HOW TO STAY PROFESSIONAL WHEN SELF-PROMOTING

The tools you need… without looking like a tool

Before I get onto discussing how to use social networking tools for professional advancement, I need to wade through the quagmire that is ‘self-promotion’.

When I say ‘self-promotion’, I’m talking about websites, Facebook pages, business cards, mass mail-outs of headshots, or any sort of advertising that is produced by you solely for the purpose of promoting you as an actor.

Suffice it to say: I’m not a fan.  I don’t think it’s appropriate or necessary when you first start your career – and I’m not the only one.

Little excerpt from Acting is a Job by Jason Pugatch:

“Kat was once devoted to relentless self-promotion, but upon signing with a personal management firm, things changed.

‘I walked in and I showed them my little postcards and business cards and my little website and they’re like, “Get rid of the website, no more postcards, never go to any audition with a headshot and resume, it looks unprofessional.”’

Hire meThe reason is this: the industry wants to cast someone who is confident and has experience – someone they can trust.  Your website says none of that about you.  Your website says, “I am not getting enough work and I’m aggressively trying to get your attention”.

Or it might say, “I don’t understand how the industry works, so I naively believe that a producer will see my website and immediately cast me”.

Or worse, it might say, “I think I’m such an amazing actor that EVERYONE wants to know about the work I’m doing”.

The situation Jason is writing about – which is from an interview with an actor working in New York – may differ a little from what you have experienced (for example, you may have been asked to bring a headshot and resume to an audition), and of course there are exceptions to every rule, and not every city has the same policies when it comes to audition etiquette.  But in regards to self-promotion, it’s certainly worth considering the argument.

If you really are experienced, in demand, and worth working with, you will have an agent who will promote you in the appropriate way, through the appropriate channels.  – so you won’t need to do it yourself.  If you actually reach the level of success where people truly want to know all about what you’re doing, you’ll have someone on your staff who will create a website for you – so you won’t need to do it yourself.  If you understand how the industry works, you’ll know that the chances of a producer or director spending time trawling through a freelance actor’s website are incredibly, incredibly slim – so you’ll put your time and money into classes, developing a good relationship with your agent, and doing actual acting work.  That’s what it comes down to: where is your time and money best spent?  What sends a good message about you; a good body of work and established relationships with industry professionals, or an online shrine to yourself?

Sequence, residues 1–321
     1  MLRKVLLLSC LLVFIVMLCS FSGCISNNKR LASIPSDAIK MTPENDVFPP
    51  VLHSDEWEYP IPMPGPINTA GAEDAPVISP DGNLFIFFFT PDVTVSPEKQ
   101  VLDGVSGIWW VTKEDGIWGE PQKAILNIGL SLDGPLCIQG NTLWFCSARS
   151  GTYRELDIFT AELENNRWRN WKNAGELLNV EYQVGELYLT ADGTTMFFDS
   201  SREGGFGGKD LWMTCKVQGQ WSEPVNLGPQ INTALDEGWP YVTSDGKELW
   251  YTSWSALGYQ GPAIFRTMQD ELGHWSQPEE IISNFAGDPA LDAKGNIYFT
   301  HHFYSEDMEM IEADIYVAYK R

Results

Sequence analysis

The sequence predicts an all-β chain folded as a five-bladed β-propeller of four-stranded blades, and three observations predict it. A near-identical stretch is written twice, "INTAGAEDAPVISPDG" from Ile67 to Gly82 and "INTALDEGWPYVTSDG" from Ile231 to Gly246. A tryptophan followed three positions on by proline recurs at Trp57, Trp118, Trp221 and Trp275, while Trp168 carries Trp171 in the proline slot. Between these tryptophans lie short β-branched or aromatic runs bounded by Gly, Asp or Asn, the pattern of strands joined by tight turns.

'Desktop' by coward_lionThere are a few exceptions to the rule.  If you find that you need an online presence of some sort for grant applications, freelance auditions, etc – that’s fine.  Or you may want to blog about your experiences or creative endeavours – great, demonstrating that you can be analytical about what you do is a good thing.  If you’re part of a group or company that needs somewhere to display their work, or you have an alternate ego that has a virtual life – go for it.  Generally the best guideline is to consider what it says about you.  Does it say, “I work all the time and am constantly dedicating myself to artistic endeavours?” Great.  If it says, “I’ve done a few things and I like to put up pictures of myself” – not so great.  Be an artist rather than a product.

If you’ve discovered a need to have an online space where you can collate information about yourself, make sure it’s a reputable, appropriate space.  LinkedIn is a fairly typical example of reputable and appropriate, Tumblr, Insta, Snapchat and WordPress (or any basic blog site) will also work depending on what sort of material you want to display, or you could try The Loop – an online portfolio space for professional artists (it’s free, hurray!). YouTube and Vimeo are acceptable and popular for visual material.

There’s a lot you can do without spamming the crap out of your friends and family.  Head onto my next post to find out about the basic tools you need as an actor (the ones that are actually worth spending time and money on)!

Advice for Young Actors uses freedigitalphotos.net
this post features images from Michal Marcol, coward_lion

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